Food & Water Watch Comment on Proposed Sysco US Foods Merger


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Washington, D.C. — In response to the latest news of giant food corporations seeking to further consolidate, Food & Water Watch demanded that the U.S. Federal Trade Commission undertake a thorough and comprehensive analysis of the proposed merger between the two biggest U.S. foodservice distribution firms: Sysco Corp. and US Foods Holding Corp. These companies deliver food to restaurants, schools, hotels and other cafeteria and hospitality establishments.

In a letter sent yesterday to FTC Bureau of Competition Director Deborah Feinstein, Food & Water Watch outlines several antitrust concerns with the proposed corporate union that deserve close scrutiny; requests the agency to oppose the early termination of the antitrust review and urges federal regulators to extend the merger waiting period to thoroughly review the implications of the proposed merger. Food & Water Watch

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Food & Water Watch Comment on Proposed Sysco US Foods Merger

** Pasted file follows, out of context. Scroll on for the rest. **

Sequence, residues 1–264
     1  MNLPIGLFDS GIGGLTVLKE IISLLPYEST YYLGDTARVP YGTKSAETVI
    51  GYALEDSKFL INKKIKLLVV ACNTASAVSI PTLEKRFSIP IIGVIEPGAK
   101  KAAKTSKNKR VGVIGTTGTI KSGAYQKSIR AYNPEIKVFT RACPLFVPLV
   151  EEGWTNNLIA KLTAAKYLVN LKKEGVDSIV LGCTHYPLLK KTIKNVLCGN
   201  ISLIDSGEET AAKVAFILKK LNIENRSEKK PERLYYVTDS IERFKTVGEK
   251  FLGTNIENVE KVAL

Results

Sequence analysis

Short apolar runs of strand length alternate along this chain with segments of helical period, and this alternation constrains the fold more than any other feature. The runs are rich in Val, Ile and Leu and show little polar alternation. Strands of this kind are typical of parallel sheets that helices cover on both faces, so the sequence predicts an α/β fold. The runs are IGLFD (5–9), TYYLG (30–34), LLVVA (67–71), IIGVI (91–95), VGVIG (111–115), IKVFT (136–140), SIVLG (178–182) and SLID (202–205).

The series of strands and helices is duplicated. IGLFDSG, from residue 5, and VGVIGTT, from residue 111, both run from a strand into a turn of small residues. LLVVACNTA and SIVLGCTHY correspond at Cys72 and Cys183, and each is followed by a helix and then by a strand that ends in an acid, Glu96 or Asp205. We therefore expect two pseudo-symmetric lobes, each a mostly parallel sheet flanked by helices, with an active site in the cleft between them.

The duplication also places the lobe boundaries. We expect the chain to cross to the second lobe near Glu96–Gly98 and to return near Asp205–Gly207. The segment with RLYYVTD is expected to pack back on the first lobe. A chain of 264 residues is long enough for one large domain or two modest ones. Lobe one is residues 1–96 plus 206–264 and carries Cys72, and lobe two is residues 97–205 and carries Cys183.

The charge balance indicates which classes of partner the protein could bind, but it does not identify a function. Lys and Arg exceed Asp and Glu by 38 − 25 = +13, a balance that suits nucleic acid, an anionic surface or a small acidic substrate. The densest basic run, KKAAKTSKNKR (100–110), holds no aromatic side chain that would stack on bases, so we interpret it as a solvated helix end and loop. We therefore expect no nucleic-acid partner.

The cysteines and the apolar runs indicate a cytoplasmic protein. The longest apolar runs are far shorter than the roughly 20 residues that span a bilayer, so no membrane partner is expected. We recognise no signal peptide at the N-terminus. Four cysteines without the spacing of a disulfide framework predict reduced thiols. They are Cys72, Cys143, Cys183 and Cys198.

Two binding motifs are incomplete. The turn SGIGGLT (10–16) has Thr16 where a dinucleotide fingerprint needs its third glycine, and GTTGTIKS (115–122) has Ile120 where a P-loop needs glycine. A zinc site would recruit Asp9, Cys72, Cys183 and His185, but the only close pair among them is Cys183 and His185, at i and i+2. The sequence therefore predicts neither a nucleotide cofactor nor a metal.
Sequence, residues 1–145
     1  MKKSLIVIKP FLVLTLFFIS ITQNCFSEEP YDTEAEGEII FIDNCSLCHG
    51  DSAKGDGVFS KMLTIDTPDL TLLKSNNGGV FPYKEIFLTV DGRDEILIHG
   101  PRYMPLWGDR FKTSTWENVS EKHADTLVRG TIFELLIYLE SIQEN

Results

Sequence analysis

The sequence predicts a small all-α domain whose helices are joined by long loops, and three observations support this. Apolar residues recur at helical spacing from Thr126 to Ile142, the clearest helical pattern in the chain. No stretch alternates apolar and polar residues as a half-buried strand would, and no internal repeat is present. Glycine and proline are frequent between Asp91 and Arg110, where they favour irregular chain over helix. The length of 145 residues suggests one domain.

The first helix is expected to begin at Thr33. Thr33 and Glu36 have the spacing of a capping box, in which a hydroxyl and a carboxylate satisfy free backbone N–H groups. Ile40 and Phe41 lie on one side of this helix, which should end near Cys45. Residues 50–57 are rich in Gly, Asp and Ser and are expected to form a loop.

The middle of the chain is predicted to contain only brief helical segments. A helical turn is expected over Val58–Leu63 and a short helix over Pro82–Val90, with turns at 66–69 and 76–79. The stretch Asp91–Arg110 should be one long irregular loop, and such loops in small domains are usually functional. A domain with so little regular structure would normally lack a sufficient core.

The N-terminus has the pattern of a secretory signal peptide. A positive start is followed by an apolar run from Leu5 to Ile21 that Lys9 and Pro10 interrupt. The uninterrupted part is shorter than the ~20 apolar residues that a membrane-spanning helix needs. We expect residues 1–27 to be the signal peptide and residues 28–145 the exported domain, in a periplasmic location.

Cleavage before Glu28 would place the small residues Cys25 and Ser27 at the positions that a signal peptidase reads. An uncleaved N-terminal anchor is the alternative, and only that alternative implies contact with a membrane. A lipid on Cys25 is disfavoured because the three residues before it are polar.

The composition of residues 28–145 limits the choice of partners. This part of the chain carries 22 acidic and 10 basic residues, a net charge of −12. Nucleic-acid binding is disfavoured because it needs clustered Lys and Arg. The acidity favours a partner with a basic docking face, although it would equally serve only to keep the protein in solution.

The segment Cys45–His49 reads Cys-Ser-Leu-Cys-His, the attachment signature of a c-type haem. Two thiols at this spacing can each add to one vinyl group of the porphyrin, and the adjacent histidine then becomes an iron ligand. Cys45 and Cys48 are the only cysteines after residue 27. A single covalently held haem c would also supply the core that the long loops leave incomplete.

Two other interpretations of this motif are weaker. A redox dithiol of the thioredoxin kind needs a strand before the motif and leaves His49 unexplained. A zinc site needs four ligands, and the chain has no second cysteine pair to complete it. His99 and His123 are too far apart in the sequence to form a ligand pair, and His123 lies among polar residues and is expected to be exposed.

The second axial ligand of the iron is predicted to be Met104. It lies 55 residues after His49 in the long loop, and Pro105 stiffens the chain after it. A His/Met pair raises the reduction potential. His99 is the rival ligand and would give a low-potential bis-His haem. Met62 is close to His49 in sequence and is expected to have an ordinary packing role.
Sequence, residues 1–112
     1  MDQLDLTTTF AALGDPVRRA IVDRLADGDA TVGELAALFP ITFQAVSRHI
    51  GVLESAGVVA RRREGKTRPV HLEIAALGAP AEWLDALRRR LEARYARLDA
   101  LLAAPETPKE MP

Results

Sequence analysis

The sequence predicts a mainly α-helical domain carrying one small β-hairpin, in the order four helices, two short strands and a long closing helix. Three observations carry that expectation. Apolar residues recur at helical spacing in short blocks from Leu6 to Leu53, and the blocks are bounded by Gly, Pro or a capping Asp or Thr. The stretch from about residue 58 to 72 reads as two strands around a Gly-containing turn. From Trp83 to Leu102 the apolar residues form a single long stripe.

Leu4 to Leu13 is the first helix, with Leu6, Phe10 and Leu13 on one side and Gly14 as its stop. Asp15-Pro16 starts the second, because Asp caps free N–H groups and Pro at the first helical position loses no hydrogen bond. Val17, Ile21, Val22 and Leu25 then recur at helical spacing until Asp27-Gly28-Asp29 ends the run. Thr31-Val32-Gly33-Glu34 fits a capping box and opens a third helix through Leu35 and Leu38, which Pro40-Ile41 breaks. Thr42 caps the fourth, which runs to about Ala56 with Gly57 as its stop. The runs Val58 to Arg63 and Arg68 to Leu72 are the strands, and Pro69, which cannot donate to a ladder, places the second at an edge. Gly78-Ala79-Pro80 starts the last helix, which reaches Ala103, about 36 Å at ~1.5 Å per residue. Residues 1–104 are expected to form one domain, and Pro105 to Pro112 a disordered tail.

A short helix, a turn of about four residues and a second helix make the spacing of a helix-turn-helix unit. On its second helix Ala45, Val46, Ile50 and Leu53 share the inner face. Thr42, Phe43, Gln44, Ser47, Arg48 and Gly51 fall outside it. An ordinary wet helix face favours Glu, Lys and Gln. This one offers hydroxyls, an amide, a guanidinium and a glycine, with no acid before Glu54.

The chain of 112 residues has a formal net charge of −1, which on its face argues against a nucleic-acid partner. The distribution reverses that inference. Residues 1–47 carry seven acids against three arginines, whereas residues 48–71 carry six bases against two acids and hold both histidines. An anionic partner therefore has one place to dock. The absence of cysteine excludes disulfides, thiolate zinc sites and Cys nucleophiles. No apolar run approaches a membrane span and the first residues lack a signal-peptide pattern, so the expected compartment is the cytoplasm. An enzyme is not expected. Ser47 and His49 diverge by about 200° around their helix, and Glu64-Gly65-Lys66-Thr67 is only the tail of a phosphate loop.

1. 1.     Ms. Deborah L. Feinstein Director, Bureau of Competition Office of Policy and Coordination Room 7117 Federal Trade Commission 601 New Jersey Avenue NW Washington, DC 20580 January 8, 2014 BY POST AND ELECTRONIC MAIL: Dear Director Feinstein: The non-profit consumer advocacy organization Food & Water Watch respectfully requests that the U.S. Federal Trade Commission and/or the U.S. Department of Justice oppose the early termination of the antitrust examination and undertake a second review of the proposed merger between Sysco Corp. (Sysco) and US Foods Holding Corp, parent of US Foods, Inc. (US Foods). The U.S. Federal Trade Commission must conduct a complete investigation of the proposed merger to assess the negative impact on competition in the foodservice industry for manufacturers, foodservice operators and consumers. The proposed merger creates a considerably more concentrated marketplace for foodservice distribution in the broadline segment, which warrants the request for additional information needed for a more thorough and comprehensive analysis.1 Sysco and US Foods have aggressively pursued a string of mergers in recent years, but the proposed merger would create a significantly larger amalgamation of foodservice distribution market power at the national level. The increase in concentrated market power is especially acute at the regional and local level. Although both firms have purchased many smaller, local distribution firms, this is the first merger between foodservice distribution firms that each serve the national market and in many regions, states and metropolitan areas, they are the primary rivals for this market. Rapid consolidation in the food and agriculture sectors has been of rising concern to farmers, consumers and federal regulators. In 2010, the U.S. Department of Agriculture and the U.S. Department of Justice held a series of five workshops exploring the impact of consolidation in the food and agriculture sectors, and a May 2012 Department of Justice report “stressed the importance of vigorous antitrust enforcement” and detailed the ways that anticompetitive mergers and conduct can harm producers, consumers, and others.2 The proposed merger between Sysco and US Foods, announced on December 9, 2013, represents just such an anticompetitive merger. It joins the two largest foodservice distribution companies,                                                                                                                 1 U.S. Department of Justice and the Federal Trade Commission (DoJ/FTC). “Horizontal Merger Guidelines.” August 19, 2010 at 19; Sysco and US Foods are broadline foodservice distributors, which provide an extensive line of products to a variety of foodservice operations. Other foodservice segments include system distributors that supply a narrow range of products to specific larger-scale foodservice networks and specialty foodservice distributors that supply a narrow range of products (like produce or seafood) to many foodservice outlets. 2 U.S. Department of Justice. “Competition and Agriculture: Voices from the Workshops on Agriculture and Antitrust Enforcement in our 21st Century Economy.” May 2012 at 2.